Posted on August 07, 2016

The World Innovation Summit for Health (WISH) has hosted a webinar discussing methods to improve the quality of healthcare by using pharmacogenetics, a strategy aimed at ensuring the correct use of drugs for each patient to avoid negative side-effects.

The webinar on Pharmacogenetics and Patient Safety took place on 2nd August, as part of the ‘Safer Care Accelerator’ series by the Leading Health Systems Network (LHSN). LHSN is an initiative of WISH that brings together healthcare leaders and industry experts to identify and discuss areas of improvement in healthcare systems. The webinar was led by Dr Deepak Voora, Assistant Professor of Medicine, Duke University School of Medicine, and Dr Geoffrey Ginsburg, Director of the Center for Applied Genomics and Precision Medicine, Duke University School of Medicine.

The WISH webinar highlighted the significant clinical and economic impact of adverse drug reactions as participants outlined examples of drugs that cause such reactions and ways to mitigate them. The speakers also offered recommendations on improving policy through the administration of the right drug that is tailored to a patient’s genetic makeup. Dr Ginsburg said: “Commonly used medications for heart disease, cancer, seizures and many others, have side-effects that are a result of genetic variation that affects the metabolism of these drugs in some people.  If genetic testing was done at the time of drug prescribing, many adverse events might have been avoided.”

Ms Didi Thompson, Policy Fellow at Imperial College’s Centre for Health Policy and WISH Forum Fellow, said: “People often think of patient safety in relation to surgical outcomes or hospital-acquired infections.  However, patients receive the majority of care outside of the hospital.  With an ageing population, and patients often taking four or five medications concurrently, adverse drug reactions are a significant patient safety issue. The field of pharmacogenetics can provide us with tools to deliver safer, more effective care and reduce the likelihood of adverse drug reactions."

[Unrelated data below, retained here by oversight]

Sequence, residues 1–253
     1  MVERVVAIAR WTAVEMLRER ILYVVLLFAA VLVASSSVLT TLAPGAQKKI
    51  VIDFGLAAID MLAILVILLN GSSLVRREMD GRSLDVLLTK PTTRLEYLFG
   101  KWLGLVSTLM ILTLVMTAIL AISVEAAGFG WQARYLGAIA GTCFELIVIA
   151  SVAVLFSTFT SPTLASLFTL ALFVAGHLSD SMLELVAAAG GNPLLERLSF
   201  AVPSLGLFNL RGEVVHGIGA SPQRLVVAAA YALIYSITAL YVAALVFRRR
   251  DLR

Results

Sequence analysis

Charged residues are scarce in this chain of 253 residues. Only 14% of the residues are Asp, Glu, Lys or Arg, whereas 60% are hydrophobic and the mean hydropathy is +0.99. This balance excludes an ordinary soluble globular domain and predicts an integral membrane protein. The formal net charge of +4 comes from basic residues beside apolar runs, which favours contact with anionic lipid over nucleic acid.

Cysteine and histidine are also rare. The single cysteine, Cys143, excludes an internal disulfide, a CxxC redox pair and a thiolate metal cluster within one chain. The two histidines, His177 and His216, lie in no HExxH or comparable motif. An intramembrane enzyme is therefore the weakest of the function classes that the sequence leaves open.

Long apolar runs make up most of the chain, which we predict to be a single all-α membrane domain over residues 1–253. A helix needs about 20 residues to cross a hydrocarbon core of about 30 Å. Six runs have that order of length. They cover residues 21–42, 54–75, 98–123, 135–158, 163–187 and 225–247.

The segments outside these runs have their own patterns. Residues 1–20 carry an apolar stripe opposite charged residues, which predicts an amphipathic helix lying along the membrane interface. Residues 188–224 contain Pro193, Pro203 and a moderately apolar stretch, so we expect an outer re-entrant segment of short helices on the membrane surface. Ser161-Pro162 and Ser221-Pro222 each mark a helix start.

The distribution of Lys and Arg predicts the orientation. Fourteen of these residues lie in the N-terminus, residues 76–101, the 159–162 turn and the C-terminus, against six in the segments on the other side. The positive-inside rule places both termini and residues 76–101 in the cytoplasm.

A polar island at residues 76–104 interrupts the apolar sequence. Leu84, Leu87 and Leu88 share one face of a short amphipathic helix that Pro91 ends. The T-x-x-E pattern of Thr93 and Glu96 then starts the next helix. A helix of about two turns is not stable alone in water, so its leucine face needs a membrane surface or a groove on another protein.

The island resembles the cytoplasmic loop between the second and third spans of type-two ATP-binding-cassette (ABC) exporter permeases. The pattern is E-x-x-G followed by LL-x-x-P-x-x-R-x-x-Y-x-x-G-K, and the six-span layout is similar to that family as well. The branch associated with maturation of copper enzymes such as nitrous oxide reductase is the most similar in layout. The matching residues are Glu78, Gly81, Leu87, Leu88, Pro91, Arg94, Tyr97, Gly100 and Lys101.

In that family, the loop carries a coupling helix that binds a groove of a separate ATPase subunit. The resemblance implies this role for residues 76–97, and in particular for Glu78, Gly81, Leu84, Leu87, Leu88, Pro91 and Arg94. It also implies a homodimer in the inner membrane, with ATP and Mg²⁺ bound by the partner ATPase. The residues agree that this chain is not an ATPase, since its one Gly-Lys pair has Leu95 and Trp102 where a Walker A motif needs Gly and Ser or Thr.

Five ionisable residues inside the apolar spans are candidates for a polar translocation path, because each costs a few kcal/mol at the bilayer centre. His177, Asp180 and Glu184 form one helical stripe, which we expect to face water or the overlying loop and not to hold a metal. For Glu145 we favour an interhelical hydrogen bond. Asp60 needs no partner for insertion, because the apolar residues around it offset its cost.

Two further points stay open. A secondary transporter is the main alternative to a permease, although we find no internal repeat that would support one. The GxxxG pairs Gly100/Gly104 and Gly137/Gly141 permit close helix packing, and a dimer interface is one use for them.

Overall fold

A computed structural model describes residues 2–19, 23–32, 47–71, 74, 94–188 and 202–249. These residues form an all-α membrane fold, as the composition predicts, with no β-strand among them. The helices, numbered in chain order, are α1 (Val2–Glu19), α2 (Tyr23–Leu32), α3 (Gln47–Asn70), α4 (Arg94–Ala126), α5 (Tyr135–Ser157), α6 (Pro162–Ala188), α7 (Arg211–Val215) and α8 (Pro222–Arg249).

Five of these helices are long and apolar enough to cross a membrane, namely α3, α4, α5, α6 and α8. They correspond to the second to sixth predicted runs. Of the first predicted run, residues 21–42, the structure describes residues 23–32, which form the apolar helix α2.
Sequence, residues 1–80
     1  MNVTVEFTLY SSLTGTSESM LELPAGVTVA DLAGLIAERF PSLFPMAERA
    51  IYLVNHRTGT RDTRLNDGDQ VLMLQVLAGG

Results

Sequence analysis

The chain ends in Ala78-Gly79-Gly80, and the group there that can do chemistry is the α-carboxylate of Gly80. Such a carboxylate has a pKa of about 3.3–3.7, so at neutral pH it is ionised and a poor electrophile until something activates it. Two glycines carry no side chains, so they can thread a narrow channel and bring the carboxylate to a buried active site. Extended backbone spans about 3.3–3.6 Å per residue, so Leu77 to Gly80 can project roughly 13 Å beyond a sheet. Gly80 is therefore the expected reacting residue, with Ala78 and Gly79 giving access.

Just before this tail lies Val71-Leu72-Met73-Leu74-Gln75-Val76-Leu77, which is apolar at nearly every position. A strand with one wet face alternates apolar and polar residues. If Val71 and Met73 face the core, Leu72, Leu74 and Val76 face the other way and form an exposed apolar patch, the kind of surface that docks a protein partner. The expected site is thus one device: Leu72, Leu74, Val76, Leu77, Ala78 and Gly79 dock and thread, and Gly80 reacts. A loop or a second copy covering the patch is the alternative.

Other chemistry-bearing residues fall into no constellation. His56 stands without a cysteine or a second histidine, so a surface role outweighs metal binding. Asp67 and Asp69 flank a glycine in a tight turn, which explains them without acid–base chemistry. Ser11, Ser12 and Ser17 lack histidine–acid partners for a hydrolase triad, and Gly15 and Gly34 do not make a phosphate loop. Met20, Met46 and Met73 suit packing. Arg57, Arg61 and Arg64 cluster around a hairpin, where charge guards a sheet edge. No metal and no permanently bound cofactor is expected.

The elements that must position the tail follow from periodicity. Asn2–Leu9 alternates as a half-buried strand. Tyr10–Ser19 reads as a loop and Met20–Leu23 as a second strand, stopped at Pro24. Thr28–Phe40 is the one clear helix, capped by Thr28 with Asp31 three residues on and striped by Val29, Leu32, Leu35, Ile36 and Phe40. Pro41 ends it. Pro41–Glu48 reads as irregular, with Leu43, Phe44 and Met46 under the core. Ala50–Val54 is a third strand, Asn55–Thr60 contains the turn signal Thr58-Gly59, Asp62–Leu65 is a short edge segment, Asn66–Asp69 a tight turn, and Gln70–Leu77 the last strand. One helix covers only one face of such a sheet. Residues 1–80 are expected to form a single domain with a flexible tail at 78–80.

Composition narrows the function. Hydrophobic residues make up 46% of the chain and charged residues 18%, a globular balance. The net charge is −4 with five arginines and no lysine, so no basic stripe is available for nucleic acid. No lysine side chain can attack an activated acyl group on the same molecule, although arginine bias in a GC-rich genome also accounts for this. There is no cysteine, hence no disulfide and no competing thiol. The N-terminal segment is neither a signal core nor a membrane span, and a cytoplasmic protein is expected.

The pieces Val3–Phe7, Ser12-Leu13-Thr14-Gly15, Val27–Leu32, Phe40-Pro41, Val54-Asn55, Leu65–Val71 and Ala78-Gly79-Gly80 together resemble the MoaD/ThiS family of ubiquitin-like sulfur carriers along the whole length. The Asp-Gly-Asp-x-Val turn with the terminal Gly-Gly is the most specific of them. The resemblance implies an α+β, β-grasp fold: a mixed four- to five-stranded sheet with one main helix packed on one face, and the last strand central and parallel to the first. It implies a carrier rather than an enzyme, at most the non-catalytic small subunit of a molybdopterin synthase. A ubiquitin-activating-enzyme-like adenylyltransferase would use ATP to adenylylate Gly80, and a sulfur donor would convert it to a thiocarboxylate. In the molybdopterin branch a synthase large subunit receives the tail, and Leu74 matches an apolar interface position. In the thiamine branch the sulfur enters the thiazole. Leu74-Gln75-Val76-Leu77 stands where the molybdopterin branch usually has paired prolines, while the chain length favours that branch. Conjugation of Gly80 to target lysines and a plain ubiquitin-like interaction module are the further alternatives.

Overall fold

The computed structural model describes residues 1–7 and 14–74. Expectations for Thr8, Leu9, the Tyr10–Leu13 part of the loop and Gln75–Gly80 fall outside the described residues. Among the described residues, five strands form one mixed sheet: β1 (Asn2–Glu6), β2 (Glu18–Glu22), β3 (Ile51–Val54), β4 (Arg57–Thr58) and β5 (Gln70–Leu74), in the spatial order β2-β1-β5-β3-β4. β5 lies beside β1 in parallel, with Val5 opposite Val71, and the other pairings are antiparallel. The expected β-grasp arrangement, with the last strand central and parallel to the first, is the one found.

This webinar emphasised the extent of positive impact that effective implementation of pharmacogenetics will have on a global level. “Adverse drug reactions are a global concern for patient safety. They are costly and can be prevented. Pharmacogenetics is a strategy that aims to provide the right dose of the right drug to the right individual and can contribute to avoiding drug toxicity and improvement of safety and quality of health care,” added Dr Voora.

Since its establishment in 2009, LHSN has collaborated with 25 health systems from more than 12 countries to exchange knowledge among experts and discuss ways of making significant improvements in the existing healthcare policies. LHSN is based at Imperial College in London and has partnered with WISH to produce a positive change through monthly webinars that aim for healthier populations all over the world. Hamad Medical Corporation and Sidra Medical and Research Center in Qatar are part of the 18 organisations that have joined the effort.

WISH, a global initiative of Qatar Foundation for Education, Science and Community Development (QF), launched the LHSN Safer Care Accelerator Program to share best practice and inspire health systems worldwide to provide safer care for patients. The programme brings together a global network of healthcare organisations to exchange insights, experiences, and data on the topic of patient safety, culminating in the publication of a global report. The 2016 WISH Summit will take place 29th – 30th November in Doha, Qatar.

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